Sloppy as well as slippery - John Key on ACC
Hon Maryan Street
Minister for ACC
17 July 2008 Media Statement
Sloppy as well as slippery - John Key gets his facts wrong on ACC
John Key has got so many of his facts wrong on ACC that it beggars belief injured New Zealanders could actually trust National to protect their interests, says ACC Minister Maryan Street.
“In the last 24 hours Mr Key has told the public privatisation of ACC will result in safer workplaces for workers. Yet the facts show New Zealand workplace injury rates are significantly lower than those in Australia – and as everybody now knows, it is the Aussie insurers who would be running the show under National.
“A February report comparing the latest workplace injury figures shows Australia’s serious injury and disease claim rates for workers’ compensation is 9.4 claims per million hours worked in Australia, compared with the lower 7.4 rate here.
“Mr Key told Radio Live “in Australia their (workers) rehabilitation rate has been much quicker”. The facts are that New Zealand workers return to work faster than their Australian counterparts. The latest figures show 39 per cent of injured workers in Australia receive compensation for six weeks or longer, compared with just 31 per cent in New Zealand,” Maryan Street said.
“Mr Key said the Accredited Employer Programme (AEP), which allows some employers to self-insure, enabled them to use private insurers. He could not be more wrong. The facts are that these employers are explicitly prohibited from using private insurers.
Mr Key claimed there were about 500 employers on the scheme. The facts are there are 145 AEP contracts, Maryan Street said.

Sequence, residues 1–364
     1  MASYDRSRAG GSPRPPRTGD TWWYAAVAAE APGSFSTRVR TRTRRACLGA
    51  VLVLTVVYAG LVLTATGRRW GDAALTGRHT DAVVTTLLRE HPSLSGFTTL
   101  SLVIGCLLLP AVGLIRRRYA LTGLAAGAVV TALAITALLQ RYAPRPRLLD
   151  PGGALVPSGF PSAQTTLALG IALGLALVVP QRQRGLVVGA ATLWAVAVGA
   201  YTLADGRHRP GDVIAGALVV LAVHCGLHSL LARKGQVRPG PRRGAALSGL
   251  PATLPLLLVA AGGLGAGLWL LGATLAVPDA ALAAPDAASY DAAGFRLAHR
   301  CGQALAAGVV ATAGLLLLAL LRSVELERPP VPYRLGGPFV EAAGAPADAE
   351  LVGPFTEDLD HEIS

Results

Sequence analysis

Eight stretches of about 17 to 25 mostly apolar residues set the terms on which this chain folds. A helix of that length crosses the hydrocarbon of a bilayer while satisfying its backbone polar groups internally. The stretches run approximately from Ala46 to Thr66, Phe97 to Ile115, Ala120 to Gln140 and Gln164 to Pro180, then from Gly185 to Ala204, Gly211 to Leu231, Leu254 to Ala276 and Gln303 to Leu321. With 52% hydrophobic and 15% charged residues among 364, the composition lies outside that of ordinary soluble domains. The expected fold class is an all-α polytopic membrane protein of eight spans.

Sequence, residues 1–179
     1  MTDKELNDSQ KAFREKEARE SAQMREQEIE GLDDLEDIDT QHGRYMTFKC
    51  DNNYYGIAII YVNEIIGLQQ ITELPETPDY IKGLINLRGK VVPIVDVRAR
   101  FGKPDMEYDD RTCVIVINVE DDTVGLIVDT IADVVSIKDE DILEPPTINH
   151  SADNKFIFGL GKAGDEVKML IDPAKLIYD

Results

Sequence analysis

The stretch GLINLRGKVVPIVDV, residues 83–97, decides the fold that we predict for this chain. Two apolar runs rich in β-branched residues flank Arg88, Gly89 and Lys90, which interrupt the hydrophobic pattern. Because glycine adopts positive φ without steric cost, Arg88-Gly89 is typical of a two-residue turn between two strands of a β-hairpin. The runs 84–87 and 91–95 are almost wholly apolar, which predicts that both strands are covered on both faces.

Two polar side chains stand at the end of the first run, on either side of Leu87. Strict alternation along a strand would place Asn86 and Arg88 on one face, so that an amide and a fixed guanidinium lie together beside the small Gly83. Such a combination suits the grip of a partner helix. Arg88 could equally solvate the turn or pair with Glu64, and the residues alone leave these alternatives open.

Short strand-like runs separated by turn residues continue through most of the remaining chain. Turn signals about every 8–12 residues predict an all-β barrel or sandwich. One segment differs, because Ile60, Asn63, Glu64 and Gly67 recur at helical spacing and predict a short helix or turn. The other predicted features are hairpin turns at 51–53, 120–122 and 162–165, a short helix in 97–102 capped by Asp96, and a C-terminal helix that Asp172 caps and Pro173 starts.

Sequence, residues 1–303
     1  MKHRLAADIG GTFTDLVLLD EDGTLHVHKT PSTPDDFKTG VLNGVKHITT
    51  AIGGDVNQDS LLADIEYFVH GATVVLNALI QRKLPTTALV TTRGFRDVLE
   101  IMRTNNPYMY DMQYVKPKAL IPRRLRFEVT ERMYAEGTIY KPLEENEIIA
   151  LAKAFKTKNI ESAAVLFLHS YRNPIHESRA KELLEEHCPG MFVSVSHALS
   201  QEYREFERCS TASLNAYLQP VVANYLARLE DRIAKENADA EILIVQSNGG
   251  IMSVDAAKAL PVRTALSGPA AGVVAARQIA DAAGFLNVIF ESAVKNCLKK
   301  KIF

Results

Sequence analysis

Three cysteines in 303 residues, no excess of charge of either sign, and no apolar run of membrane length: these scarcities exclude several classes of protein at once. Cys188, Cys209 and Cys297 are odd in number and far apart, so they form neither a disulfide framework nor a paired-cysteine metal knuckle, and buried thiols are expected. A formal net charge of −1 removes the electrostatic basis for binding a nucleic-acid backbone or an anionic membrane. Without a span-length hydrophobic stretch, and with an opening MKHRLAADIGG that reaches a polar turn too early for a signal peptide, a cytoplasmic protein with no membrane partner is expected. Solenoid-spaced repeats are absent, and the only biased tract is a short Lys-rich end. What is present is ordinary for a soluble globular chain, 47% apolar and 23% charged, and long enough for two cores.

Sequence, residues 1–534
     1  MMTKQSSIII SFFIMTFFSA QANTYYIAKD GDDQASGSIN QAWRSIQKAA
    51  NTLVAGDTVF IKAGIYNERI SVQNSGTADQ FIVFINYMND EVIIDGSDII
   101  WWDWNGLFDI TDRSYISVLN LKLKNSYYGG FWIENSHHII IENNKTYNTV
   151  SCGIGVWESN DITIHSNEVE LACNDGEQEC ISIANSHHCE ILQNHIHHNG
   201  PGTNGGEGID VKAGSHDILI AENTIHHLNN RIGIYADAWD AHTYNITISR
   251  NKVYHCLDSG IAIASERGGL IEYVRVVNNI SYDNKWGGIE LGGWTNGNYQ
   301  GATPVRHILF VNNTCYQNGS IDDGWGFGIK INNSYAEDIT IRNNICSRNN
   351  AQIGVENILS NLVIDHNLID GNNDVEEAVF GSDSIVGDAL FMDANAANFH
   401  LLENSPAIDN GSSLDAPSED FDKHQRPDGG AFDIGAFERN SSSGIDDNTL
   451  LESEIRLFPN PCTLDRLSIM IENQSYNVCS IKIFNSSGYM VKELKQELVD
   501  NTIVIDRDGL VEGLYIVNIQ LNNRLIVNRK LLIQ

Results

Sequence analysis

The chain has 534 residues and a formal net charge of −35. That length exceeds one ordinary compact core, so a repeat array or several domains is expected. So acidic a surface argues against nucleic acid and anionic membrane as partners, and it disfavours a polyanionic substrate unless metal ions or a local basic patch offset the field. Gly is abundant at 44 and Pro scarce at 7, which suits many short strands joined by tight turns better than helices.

“Mr Key told Radio Live he believed there should be an independent ombudsman to investigate ACC claims, and has also said ACC should not be judge and jury when it comes to disputes.
“The facts are there are already significant review rights and a further right of appeal through the courts. The Ombudsman is already used in some ACC disputes, as is the Health and Disability Commissioner and the Privacy Commissioner,” she said.
“Further, it should be noted dispute rates in New Zealand are very low, at 0.2 per cent for workplace claims, compared to nine per cent in Australia.”
“Mr Key has claimed approval ratings for ACC are only 50 per cent. The facts are that client satisfaction ratings – ie people who have accessed ACC – are 86 per cent for short-term clients and 80 per cent for long-term clients. General public trust and confidence ratings are 60 per cent.
“Mr Key has alternately promised “lower premiums” under privatisation and then said “I’m not convinced there’ll be a huge reduction in levies.” Which is it Mr Key?
“This is about as decisive and convincing as his statement on Checkpoint last night that National was “almost certainly likely” to privatise the Work Account,” Maryan Street said.
“Then there is his apparent unfamiliarity with the fundamental principles underpinning the scheme. On Radio Live he described the principles as “no fault, 24 hour, no fault, blah, blah, blah.”
“Well that’s reassuring.”
If Mr Key has actually read the PriceWaterhouseCoopers report as he claims - which is 472 pages long, not the 200 pages Mr Key claims – he would know there is no need for a comprehensive evaluation of ACC because that’s what PriceWaterhouseCoopers has already done.
“He would also know that the report finds ACC to be world-leading, that the state monopoly is the best way to run it and that privatisation would require a major increase in regulatory costs, which National claims to oppose. It’s pretty simple really.”